This article is a brief memo about major DAC parameters.

Fig.1

**Resolution** - normally given in bits.

Resolution indicates the
smallest increment of its output,

corresponding to a 1 LSB input code change.
For example for 10 bit DAC, 2 power 10 = 1024 codes,

so the resolution is 1/1024
of the output range.

**Full scale range (FSR)** - maximum output signal for the DAC,specified
as current or voltage (ma or V).

Can be negative ,positive or both.

**Offset error** - difference between an ideal and actual DAC
output when zero digital code applied to the input.

**Gain error** - the difference between an ideal and actual output
when full scale digital code applied to the input.

Strongly depends on VREF stability.

**Differential Nonlinearity** - (see the drawing below) is measured
whith a ramp code applied to the input of DAC.

The step between every pair of the adjacent codes should not exceed 1 LSB.

1LSB is calculated from gain and offset measurements:

1 LSB = FSR/N-1

Differential Nonlinearity represents
the error from 1 LSB for every step,

where N=(2 power of bit number) .

**Integral Nonlinearity** - shows how the output differs from an ideal
line. It is also measured in LSB. Usually 1LSB is an exeptable value for nonlinearity.

Fig.2 and Fig.3 show the difference between Integral
and Differential Nonlinearity.

Offset and Gain are absolute measurements,DNL and INL
are referenced to the

zero and full scale outputs of the DAC.

**SNR** - signal to noise ratio. Measured with digital code representing
sine wave applied to the input. Fundamental

and harmonic components of the sine wave are filtered
out.Any remaining signal at the output of the DAC

is considered as a noise.

SNR is a ratio of the full scale sine wave output to noise
level.

Some companies specify **SINAD** parameter. SINAD
- is a signal to noise and

distortion ratio. It is similar to SNR, but the harmonic signal components are not removed.
Specified in dB.

**THD** - total harmonic distortion - measured with digital
code representing sinewave,applied to the DAC input continuously.

The output is analyzed in the frequency domain to find
harmonic components related

to the fundamental output signal.Specified in dB.

**IM** - intermodulation distortion - non harmonic product terms that appear
in the output signal due to nonlinearity

of the DAC. Measured with summed 2 sinusoid tone applied
to the input.

The output is tested on harmonic components,appearing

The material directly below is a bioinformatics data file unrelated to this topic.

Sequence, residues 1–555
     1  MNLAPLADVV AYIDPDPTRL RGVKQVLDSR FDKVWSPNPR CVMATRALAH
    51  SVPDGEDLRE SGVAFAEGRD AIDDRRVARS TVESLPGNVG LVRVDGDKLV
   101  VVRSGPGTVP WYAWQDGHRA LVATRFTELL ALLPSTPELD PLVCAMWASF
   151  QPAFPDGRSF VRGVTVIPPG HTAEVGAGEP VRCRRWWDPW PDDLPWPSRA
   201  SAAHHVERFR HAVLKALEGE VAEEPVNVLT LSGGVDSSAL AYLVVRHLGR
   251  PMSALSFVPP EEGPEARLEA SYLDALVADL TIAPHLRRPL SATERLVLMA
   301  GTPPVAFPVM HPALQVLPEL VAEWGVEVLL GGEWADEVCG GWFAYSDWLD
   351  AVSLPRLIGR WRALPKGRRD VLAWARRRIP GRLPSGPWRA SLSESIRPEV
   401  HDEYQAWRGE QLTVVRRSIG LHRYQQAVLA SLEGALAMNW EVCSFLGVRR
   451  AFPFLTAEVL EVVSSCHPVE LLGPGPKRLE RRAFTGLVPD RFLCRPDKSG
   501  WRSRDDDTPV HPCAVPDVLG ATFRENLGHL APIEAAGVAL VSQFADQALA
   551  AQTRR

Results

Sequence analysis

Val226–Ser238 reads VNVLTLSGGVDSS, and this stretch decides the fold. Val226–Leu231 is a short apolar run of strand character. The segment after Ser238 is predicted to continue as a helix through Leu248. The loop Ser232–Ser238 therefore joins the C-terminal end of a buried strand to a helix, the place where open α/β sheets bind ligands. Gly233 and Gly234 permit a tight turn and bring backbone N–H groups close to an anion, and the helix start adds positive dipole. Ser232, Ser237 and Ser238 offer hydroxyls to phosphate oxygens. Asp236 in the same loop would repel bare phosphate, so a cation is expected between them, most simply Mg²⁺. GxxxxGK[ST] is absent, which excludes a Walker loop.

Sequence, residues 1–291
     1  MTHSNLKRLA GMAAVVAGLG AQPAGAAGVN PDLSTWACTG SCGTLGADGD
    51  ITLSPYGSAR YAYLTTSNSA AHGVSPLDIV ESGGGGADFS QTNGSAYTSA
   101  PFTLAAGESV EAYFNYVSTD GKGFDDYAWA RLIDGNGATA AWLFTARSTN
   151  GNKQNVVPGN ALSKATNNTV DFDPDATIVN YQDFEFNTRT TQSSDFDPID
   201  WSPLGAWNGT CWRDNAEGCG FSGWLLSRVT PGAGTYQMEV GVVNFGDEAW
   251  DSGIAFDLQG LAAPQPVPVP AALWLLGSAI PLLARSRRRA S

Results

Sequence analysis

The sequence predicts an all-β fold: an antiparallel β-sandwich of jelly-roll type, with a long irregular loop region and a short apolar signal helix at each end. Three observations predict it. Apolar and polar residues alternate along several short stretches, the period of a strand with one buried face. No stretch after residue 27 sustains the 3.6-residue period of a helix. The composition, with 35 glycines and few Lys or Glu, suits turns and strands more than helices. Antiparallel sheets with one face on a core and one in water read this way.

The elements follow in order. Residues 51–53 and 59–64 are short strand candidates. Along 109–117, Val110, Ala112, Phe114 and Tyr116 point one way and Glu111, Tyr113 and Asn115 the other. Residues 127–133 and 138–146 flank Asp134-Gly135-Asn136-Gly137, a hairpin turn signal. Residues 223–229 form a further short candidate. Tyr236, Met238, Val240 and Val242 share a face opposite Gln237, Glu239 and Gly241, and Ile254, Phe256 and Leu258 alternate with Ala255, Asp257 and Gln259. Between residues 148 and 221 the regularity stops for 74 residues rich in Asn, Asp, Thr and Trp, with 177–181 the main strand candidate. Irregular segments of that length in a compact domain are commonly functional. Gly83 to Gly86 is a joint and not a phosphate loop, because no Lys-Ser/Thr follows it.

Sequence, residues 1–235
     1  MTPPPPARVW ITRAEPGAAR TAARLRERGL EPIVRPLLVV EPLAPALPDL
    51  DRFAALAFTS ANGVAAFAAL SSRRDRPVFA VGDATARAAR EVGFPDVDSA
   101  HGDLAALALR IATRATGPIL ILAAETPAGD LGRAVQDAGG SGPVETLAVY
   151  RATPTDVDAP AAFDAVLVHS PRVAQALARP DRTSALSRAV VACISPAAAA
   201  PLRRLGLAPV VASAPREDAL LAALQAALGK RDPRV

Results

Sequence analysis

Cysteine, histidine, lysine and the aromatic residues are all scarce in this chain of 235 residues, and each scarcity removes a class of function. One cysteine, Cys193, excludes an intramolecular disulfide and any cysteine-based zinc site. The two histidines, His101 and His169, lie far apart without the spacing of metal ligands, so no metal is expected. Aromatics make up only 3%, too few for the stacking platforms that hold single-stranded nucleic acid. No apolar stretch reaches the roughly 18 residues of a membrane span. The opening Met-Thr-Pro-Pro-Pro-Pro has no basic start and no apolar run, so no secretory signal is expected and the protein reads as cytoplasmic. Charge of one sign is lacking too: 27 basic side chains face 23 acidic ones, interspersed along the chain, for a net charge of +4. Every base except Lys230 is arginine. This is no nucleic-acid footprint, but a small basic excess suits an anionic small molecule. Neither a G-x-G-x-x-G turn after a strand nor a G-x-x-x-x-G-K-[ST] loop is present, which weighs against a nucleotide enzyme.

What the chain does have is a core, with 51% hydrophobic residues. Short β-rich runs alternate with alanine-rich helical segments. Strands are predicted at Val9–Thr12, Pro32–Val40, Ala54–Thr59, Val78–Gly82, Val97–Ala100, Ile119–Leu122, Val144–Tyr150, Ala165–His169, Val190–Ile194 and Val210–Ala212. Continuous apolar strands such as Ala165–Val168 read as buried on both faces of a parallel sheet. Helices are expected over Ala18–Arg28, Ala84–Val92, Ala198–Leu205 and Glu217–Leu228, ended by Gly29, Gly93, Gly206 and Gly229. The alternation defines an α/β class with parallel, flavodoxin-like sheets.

due to

modulation affect on non linear characteristics within
DAC.

The harmonic components are (F1+F2), (F1-F2) , (2F1+/-F2),
(F1+/-2F2) ...

**Max conversion rate** - it is actually max input signal frequency the
DAC can handle.The worst case is when

input signal changes from zero to max,and the output should
reach the max level and settle.

**Settling time** - the time required for the output to reach the
final value and remain within +-1 LSB

after overshoot.

**PSRR** - power supply rejection ratio .The output signal should
remain within limits while power supply

voltage changes from Min to Max.

Fig.2
Fig.3

Fig.2 shows the case when DNL is within limits (<1 lsb) and
INL is above 1lsb; Fig.3 - the opposite case.

If continuously increasing code from 0000 to 11111111 applied to the
DAC input,the output should represent

a rising staircase with equal steps. If staircase is smoothed, a perfectly
straight line should result.

The INL defines the overall straightness of this line, whereas the
DNL describes differences in amplitude

between adjacent steps in the staircase waveform.

Which of these two parameters is more important depends on the
application.

In the imaging application, it may be necessary to distinguish
between slightly different color densities

in adjacent areas of an image. Here DNL is more important .

But in an application in which a widely varying parameter like
speed must be continuously monitored,

INL is usually more important.

DNL must be less than 1lsb to garantee DAC's monotonic behavior (Fig.1).

A Monotonic DAC has an output that changes in the same direction
(or remains constant) for each increase

in the input code. The quality of monotonicy is important if
DAC is used in feedback loop.

When a non monotonic device is used in a feedback loop, the loop can
get stuck and DAC will toggle forever between 2 input codes.